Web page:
“I’ve made it because it comes closer to saying who I am than any other method I can use. This work is my identity.” —David Smith ‘Tradition and Identity’, 1959
Danysz Gallery is pleased to present an online exhibition devoted to portraits. As the exhibition title True Face suggests, the exhibition’s main preoccupations are the meaning, the ideology and the subversive power of portraits. Portraiture in Western art has been crucial for construction and articulation of individualism. It allowed artists to appropriate the means of representation, both aesthetic and political, and articulate new forms of selfhood. However, contemporary artists often use portraiture in a more social way; to draw links between their immediate group of friends or inner circle.
Rakajoo’s eponymous painting, Blond, rendered in his signature broad brushstrokes, shows a man with a pertinent gaze. His figure is placed in the foreground of a large canvas depicting a popular vegan spot in Paris and allowing for an experience that Maurice Merleau-Ponty described as a “figure stand(ing) out against the double horizon of external and bodily space.” Rakajoo’s visceral works give an impression of a well-researched, in-depth study of contemporaneity.
The artist places his portraits in an interaction with each other, establishing connections between an individual and a group, thus suggesting the reading of identity as a collective construct.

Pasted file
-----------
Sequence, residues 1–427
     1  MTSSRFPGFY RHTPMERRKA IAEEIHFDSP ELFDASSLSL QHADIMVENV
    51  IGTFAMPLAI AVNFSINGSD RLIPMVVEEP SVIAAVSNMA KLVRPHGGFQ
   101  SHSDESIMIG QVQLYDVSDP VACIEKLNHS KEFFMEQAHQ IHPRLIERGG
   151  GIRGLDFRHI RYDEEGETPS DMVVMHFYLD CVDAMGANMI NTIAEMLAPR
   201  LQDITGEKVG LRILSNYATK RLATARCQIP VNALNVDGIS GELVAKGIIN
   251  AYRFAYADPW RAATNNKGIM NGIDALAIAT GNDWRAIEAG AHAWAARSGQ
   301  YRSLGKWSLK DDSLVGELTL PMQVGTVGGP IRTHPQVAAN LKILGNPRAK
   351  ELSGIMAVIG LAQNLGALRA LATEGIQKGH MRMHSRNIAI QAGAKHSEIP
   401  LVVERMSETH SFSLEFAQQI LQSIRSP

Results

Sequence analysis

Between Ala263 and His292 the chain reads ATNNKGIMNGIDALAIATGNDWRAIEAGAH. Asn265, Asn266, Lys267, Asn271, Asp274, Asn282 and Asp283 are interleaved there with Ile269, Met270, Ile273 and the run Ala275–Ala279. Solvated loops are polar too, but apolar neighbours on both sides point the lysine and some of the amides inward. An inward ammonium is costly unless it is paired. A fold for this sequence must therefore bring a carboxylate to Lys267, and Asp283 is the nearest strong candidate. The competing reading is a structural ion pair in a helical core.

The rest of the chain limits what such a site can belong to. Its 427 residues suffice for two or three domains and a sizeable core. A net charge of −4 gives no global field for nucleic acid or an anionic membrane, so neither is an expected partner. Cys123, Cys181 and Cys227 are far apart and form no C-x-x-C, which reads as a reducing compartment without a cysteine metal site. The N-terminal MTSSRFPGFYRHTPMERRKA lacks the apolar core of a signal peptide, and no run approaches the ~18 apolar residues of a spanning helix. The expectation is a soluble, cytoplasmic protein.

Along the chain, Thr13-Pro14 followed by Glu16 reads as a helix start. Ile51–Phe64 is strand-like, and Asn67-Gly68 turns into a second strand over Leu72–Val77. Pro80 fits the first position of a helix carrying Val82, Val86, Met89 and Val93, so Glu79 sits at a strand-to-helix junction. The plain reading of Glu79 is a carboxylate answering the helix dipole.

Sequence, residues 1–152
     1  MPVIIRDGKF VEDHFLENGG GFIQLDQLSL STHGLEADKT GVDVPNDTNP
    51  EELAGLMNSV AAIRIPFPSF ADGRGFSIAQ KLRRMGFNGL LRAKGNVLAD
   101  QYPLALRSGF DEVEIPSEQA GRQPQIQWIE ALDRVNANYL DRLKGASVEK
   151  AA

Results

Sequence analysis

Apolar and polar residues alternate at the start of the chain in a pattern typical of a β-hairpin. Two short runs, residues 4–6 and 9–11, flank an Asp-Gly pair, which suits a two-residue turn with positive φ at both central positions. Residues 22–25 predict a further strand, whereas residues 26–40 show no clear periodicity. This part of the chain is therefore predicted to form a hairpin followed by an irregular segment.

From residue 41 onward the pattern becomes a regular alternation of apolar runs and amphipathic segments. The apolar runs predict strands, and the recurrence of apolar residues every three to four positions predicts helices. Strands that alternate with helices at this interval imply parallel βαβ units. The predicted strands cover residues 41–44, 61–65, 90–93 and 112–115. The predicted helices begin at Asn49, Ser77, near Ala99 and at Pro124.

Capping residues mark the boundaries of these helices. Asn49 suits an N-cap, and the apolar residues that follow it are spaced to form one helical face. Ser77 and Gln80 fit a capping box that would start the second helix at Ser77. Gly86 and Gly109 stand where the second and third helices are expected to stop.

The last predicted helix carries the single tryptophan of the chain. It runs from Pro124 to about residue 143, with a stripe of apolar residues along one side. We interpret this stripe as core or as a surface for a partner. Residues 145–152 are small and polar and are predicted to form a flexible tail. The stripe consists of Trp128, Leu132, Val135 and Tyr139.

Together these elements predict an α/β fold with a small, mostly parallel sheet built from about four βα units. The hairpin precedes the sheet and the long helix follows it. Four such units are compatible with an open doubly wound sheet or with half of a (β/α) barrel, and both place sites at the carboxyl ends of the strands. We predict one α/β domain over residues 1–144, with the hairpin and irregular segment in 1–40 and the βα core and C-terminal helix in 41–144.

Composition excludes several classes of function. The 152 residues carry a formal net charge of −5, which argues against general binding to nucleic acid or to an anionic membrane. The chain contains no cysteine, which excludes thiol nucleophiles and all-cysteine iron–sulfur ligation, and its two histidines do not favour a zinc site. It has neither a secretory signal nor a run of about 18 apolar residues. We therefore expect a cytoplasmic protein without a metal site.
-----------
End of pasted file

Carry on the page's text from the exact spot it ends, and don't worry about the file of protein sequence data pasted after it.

In Zhang Dali’s photorealistic portraits the written text ‘AK-47’ blends seamlessly into the human form, collapsing the boundary between physical and ideological. The artist represents our contemporary self as a collection of never-endings and narratives defined by the overriding influence of the society on an individual.
Portraiture is closely interlinked with the cultural and political role of images. After 1789, portraiture came to dominate French visual culture addressing the complex issue of how to turn subjects into citizens. French-Palestinian artist, Abdul Rahman Katanani, explores the loss of citizenship and statelessness, when the construction of identity becomes even more complex. His work Girl Blue Salopette, depicting a girl at play, is made out of repurposed oil barrels. The portrait, or a human form, is embedded in the material and the separation of both becomes increasingly difficult. In the case of Liberté Unité by artistic duo Faile the driving motive behind the portrait is the street. The place of interaction and happening, a composite of transformation and changing face of New York and the US – not least thanks to the impact of Black Lives Matter. The final product is decidedly hyper visual and multi-layered.
With the rise of social media, one of the main functions of portrait, producing likeness, lost its meaning; selfies and photographs on Internet are all recognized as portraiture. The exhibition’s aim is to put the idea of truthfulness of a portrait into question emphasizing the portrait as a multi-layered construct rather than a seamless resemblance.